National Geographic : 1983 Mar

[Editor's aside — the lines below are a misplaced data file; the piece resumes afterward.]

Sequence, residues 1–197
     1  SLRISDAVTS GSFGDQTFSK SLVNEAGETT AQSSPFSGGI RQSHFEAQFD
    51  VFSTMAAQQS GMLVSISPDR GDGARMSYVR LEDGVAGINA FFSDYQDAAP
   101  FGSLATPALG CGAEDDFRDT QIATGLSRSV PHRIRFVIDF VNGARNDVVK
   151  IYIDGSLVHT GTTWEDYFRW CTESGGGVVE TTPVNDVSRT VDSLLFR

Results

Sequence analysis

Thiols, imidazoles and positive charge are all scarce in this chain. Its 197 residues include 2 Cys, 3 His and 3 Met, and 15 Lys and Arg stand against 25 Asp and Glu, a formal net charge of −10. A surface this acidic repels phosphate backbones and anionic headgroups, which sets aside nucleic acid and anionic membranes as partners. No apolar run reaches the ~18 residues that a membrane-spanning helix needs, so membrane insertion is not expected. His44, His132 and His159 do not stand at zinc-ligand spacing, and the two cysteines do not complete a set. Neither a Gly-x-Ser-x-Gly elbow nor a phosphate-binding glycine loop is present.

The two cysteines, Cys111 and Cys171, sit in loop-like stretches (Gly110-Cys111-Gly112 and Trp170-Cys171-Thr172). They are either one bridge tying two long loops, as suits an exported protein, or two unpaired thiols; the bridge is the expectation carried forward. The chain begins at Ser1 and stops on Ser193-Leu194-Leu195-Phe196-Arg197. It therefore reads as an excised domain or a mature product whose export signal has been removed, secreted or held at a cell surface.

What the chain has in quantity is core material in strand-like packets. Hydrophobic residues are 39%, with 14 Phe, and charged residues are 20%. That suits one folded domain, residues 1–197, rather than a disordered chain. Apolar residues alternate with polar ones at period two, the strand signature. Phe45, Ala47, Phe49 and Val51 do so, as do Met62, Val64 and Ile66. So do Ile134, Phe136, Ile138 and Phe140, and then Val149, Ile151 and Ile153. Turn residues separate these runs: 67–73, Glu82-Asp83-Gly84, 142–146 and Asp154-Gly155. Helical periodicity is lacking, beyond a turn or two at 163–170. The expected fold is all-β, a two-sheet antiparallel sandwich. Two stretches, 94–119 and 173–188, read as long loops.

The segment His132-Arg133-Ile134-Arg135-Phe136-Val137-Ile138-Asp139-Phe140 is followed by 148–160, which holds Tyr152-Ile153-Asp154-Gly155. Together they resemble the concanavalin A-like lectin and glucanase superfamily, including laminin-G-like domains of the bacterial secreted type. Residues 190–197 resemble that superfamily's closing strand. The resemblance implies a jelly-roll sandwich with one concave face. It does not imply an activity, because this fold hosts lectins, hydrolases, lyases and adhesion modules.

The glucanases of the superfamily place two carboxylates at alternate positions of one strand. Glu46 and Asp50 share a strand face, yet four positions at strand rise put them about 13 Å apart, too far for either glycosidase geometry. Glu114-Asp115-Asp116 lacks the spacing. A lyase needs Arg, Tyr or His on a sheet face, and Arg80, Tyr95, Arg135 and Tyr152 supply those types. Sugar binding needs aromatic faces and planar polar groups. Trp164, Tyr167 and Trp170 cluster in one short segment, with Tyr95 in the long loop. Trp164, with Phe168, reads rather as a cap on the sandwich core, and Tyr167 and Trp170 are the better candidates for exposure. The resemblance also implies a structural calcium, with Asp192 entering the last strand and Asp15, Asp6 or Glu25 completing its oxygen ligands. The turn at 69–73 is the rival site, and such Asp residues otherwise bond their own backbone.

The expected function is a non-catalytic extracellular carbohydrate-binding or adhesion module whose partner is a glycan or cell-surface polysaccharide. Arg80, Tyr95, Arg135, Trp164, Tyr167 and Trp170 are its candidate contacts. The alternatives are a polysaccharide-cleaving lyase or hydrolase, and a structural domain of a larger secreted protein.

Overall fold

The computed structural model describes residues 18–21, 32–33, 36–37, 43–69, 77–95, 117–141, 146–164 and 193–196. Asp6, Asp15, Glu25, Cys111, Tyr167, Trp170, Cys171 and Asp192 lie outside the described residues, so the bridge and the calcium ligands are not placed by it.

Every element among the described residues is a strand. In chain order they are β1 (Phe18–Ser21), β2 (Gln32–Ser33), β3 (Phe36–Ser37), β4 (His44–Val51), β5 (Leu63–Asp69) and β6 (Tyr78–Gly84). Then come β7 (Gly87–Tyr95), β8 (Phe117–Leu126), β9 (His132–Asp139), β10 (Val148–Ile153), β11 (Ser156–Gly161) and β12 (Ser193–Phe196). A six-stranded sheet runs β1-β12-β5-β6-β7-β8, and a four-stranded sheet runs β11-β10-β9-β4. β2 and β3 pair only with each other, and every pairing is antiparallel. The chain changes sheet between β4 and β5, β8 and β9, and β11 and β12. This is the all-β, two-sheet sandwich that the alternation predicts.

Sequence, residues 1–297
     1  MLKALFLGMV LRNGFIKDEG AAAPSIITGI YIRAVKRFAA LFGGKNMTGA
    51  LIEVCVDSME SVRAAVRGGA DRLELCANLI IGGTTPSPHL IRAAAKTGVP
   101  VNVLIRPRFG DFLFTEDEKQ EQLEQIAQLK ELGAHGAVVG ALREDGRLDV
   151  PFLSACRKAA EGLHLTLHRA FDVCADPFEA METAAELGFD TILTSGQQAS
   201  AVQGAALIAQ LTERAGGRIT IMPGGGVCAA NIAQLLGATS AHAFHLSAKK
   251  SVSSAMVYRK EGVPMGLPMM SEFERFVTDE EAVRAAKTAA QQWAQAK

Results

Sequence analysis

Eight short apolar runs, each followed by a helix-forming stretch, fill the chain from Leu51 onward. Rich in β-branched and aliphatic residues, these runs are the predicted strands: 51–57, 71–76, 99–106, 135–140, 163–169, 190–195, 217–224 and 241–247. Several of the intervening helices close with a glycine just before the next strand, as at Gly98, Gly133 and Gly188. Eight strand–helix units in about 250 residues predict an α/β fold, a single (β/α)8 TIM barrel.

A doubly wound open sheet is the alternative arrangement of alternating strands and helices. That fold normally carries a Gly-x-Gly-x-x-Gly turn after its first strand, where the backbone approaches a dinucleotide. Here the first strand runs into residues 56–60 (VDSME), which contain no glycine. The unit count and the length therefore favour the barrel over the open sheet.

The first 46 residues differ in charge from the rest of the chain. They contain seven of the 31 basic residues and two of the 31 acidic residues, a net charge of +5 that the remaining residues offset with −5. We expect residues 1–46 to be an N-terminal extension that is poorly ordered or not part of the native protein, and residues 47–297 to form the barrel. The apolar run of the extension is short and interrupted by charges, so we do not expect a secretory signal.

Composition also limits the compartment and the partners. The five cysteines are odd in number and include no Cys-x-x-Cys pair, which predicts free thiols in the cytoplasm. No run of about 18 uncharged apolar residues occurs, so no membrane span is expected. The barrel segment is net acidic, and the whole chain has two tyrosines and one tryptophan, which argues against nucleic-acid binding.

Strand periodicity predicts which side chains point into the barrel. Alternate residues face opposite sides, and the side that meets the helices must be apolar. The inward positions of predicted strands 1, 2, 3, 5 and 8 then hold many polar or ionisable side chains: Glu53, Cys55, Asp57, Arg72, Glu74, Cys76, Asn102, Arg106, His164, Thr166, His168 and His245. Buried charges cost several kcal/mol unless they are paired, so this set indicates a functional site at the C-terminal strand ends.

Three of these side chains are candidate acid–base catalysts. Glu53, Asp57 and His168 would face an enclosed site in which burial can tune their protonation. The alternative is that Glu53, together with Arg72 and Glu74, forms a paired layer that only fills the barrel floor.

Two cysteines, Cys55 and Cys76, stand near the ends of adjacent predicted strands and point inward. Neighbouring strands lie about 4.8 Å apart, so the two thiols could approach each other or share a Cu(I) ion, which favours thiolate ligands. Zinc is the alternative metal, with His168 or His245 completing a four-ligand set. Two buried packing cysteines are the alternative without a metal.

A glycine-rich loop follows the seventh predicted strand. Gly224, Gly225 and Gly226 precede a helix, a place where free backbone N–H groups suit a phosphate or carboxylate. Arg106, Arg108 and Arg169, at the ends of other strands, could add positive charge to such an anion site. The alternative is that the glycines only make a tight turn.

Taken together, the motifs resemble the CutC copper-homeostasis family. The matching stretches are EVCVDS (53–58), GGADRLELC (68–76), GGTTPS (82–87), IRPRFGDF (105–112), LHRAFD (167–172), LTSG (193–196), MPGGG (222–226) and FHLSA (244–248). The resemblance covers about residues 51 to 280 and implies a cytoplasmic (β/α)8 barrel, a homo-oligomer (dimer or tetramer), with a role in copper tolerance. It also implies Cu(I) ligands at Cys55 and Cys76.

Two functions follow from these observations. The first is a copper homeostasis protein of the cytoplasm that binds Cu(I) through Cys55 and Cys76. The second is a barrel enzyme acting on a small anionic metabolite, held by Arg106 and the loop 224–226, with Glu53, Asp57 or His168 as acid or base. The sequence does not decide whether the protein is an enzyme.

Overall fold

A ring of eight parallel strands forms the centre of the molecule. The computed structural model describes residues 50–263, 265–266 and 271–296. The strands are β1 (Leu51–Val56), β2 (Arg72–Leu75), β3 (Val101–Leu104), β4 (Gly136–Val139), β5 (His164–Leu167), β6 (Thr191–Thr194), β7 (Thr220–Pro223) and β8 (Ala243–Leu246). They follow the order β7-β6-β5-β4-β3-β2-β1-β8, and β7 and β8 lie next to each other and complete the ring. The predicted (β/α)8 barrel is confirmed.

Seasons of fat and lean impose an unyieldingregimen on Etosha'swild denizens. In a good year the Indian Ocean monsoon brings continualrains from Januaryto April. They fall first and heaviest-anaverage 18 inches-on the park's eastern end. The western section, 175 miles away, receives only two-thirds of that amount. Most species give birthduring the rainyseason, when they fan out across the park to drink from rainwaterpools and feed on rich vegetation.Zebras with a two-month old colt graze in afield of Tribulus terrestris(below), impervious to sharp spikes among the blossoms. As dry months follow, animals are drawn to permanentwater holes. There they congregatein spectacular numbers, attractingan annual50,000 tourists-andlions. At Kapupuhedi, springbok, zebras, gemsbok, and a lone wildebeest gatherto drink and share the watch (above right). Dependence on these springs limits grazing range to what the animalscan reach before they must return to drink again,causing overgrazingand, in bad years, starvation.A dry cycle began in 1979. In January1982, two years after the top photographwas made, Kapupuhedi offered only sipsfor blue cranes (right) before late rainsfinally arrived. To aid the animals,park officials since the 1950s have drilled 55 artificial wells, most of them in the desiccated west. But herds there grew beyond what surroundingforage could sustain, forcing officials to close some wells and hope for the cycle to complete itself.